Monday, 26 April 2021

FURY AT BIRTH OF LEAGUE - Sunday Mirror article of 25 April with Simon Mullock

 


By SIMON MULLOCK and MARK METCALF

ASTON VILLA might have expected an invitation into the European Super League - given they are one of only five English clubs to have lifted the European Cup.

Yet when the midlands club played a key role in the formation of the Football League 132 years ago, it became clear that profits and politics would always come first in football.

A statue of William McGregor stands outside Villa Park. A draper by trade, the 42-year-old Scot had become a committee member at his local club in Aston in 1877.

Eleven years later, he became the driving force behind the Football League after realising it was the only way forward following the game's turn towards professionalism.

Cash was needed to pay the players – and high-profile FA Cup ties and friendly matches were not going to meet the bills.

McGregor took his inspiration from the baseball leagues in the United States and so in April 1888 a meeting was convened at the Royal Hotel in Manchester to formalise the Football League.

The 'Cricket and Football Field' sporting newspaper reported that “a dozen association clubs, who style themselves the pick of the talent have joined hands for their own mutual benefit, apparently without a care for those unhappily shut out in the cold.”

Sound familiar?

Real Madrid president Florentino Perez may have even taken his inspiration from McGregor when he asked Manchester United, Liverpool, Manchester City, Arsenal, Chelsea and Tottenham to join the ESL last weekend.

Both men certainly wanted more bang for their buck.

McGregor decided that the Football League would be based around the railway network of the midlands and north west to meet transport needs.

He spent months working undercover to gauge opinion before putting his plan in motion.

Bolton Wanderers jumped on board immediately – and Trotters secretary John Bentley proposed another eight clubs to go with the five already invited by McGregor.

The Villa administrator had decided on a one-town, one-club policy.

That meant Villa's Birmingham-based rivals Mitchell St George’s were out.

McGregor's view that gate money should be divided by both clubs was immediately dismissed and replaced by a guarantee that visiting clubs would be paid £15.

Derby County were admitted despite having little kudos at the time.

And it was decided that Everton would represent the city of Liverpool ahead of local rivals Bootle because their Anfield stadium was reserved for football and not shared with a cricket club.

In Nottingham, three teams vied for inclusion – but Notts County occupied Trent Bridge and were given the nod ahead of the stronger teams at Forest and Notts Rangers.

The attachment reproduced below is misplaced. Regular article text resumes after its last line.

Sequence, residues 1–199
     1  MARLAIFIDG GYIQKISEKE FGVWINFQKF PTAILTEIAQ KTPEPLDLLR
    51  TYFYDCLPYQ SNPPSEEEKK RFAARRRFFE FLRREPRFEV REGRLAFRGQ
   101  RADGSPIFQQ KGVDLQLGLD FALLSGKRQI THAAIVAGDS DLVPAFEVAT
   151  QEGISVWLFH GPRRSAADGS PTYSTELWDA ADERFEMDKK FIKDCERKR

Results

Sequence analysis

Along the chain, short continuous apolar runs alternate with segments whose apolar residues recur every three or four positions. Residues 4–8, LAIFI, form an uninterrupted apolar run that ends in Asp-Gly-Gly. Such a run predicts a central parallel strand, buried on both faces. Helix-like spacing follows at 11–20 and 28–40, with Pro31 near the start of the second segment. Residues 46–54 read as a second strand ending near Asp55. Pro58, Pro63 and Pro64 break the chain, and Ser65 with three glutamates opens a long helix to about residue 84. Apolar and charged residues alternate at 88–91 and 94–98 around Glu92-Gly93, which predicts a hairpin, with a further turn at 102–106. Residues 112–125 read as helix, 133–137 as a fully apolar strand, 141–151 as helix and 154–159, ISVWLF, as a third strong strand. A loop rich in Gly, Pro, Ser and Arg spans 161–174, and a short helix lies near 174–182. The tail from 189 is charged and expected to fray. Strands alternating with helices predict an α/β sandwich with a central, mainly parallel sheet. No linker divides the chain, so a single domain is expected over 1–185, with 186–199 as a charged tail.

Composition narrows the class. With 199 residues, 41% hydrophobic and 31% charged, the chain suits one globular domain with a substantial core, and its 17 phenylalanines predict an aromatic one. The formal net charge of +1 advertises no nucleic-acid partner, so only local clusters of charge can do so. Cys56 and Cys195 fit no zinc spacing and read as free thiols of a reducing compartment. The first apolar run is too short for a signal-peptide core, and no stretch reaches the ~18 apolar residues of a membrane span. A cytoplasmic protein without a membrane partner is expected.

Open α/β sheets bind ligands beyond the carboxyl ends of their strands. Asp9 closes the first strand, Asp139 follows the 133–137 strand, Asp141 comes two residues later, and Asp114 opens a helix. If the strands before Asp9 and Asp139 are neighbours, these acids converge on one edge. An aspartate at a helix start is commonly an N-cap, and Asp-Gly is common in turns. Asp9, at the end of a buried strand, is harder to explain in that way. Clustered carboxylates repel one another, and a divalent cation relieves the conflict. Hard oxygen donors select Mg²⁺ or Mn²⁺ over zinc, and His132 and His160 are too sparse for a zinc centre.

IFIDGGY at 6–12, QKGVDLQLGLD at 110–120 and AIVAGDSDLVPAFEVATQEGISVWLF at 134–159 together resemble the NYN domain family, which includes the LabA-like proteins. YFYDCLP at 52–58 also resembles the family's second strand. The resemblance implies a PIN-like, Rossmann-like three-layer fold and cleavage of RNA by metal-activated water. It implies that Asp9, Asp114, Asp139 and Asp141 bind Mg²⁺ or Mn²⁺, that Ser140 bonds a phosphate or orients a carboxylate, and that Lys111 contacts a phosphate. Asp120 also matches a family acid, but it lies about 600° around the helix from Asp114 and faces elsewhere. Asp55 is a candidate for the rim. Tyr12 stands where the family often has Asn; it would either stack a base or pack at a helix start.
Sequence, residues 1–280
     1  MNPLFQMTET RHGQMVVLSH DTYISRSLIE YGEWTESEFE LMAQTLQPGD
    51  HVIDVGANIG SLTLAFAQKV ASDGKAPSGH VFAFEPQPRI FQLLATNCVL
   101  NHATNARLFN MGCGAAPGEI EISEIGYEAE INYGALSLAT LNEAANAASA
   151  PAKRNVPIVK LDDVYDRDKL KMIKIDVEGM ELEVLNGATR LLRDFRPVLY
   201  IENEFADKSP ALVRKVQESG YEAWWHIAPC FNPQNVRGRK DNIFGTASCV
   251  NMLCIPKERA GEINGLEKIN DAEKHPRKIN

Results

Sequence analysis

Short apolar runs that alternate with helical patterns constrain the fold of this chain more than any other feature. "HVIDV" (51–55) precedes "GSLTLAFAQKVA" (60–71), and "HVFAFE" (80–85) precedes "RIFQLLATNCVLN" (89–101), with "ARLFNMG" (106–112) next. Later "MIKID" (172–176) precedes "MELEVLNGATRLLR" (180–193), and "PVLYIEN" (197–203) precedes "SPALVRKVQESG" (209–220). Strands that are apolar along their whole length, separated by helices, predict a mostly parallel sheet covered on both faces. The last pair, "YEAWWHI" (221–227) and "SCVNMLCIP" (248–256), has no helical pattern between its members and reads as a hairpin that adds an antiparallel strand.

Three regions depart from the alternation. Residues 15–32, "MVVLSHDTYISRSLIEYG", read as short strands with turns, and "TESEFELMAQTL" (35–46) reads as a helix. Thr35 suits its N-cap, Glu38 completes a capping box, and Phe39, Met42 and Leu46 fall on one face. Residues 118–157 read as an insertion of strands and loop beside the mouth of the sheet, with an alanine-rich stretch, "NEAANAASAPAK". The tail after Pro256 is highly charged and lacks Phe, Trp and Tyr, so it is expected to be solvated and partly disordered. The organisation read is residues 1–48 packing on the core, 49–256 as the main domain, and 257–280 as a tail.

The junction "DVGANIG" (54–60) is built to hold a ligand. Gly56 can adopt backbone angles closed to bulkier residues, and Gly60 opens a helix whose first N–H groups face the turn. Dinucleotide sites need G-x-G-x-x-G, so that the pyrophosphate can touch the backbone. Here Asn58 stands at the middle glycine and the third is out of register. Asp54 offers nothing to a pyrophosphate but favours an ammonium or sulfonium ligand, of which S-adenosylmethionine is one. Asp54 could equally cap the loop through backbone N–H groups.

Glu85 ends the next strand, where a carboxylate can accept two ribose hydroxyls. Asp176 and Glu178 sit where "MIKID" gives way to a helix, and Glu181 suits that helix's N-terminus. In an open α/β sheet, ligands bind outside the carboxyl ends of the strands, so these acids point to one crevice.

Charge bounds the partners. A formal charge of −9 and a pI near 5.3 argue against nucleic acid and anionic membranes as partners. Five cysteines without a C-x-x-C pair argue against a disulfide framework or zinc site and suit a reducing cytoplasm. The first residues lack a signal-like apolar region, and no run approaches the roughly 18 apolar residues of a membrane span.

Stoke's invitation ahead of rivals Port Vale may have had something to do with their secretary Harry Lockett being already lined up to become the Football League's first secretary.

Halliwell missed out to Bolton – despite recently beating their neighbours 4-1.

And with Sheffield's rail service considered poor, there was no room for The Wednesday.

So Accrington, Villa, Blackburn, Bolton, Burnley, Derby, Everton, Notts County, Preston, Stoke, West Brom and Wolves became founding members of the Football League.

 

 

 

Some additional info that was not included in the article:-

In 1887, professionalism was only legally two years old

On the eve of the 1888 FA Cup Final, which saw West Bromwich Albion surprisingly beat Preston North End, seven clubs met.

Then on 17 April 1888 at the Royal Hotel, Manchester the twelve clubs concerned formalised affairs.

In Nottingham, County were weaker than Forest and Notts Rangers but they occupied Trent Bridge. This promised a better gate.

Bolton Wanderers had been well beaten 4-1 in March 1888 by neighbours Halliwell who should have been Bolton’s League representative especially as they were also superior to Blackburn Rovers, FA Cup winners in 1884, 1885 and 1886.

Once the 12 announced their plans, Forest, Halliwell and the Wednesday, which suffered because Sheffield at the time had a poor train service, wrote asking to join the League. They were left disappointed, rejected on grounds that it was impossible to find sufficient dates for additional fixtures.

Forest and Sheffield Wednesday became part of an extended league system in 1892-93. No such fortune for Halliwell who went bust in May 1889.

And of the original 12, only one is no longer in existence – Accrington, who folded in 1896.

 

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